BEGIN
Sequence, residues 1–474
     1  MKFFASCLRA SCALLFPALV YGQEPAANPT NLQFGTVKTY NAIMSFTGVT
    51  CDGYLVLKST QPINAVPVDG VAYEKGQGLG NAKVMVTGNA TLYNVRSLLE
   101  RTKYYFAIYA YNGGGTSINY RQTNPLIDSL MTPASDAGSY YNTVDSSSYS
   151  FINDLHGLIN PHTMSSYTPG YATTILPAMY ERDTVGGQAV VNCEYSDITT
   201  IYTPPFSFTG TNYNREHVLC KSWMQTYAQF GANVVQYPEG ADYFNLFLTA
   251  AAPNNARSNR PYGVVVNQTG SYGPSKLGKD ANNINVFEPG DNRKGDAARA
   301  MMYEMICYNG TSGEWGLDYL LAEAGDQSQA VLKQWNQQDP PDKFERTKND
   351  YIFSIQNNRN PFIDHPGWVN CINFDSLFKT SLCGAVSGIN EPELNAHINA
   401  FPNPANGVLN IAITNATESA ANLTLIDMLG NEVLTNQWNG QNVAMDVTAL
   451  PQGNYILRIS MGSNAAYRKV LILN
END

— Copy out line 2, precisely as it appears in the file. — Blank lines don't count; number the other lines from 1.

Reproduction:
     1  MKFFASCLRA SCALLFPALV YGQEPAANPT NLQFGTVKTY NAIMSFTGVT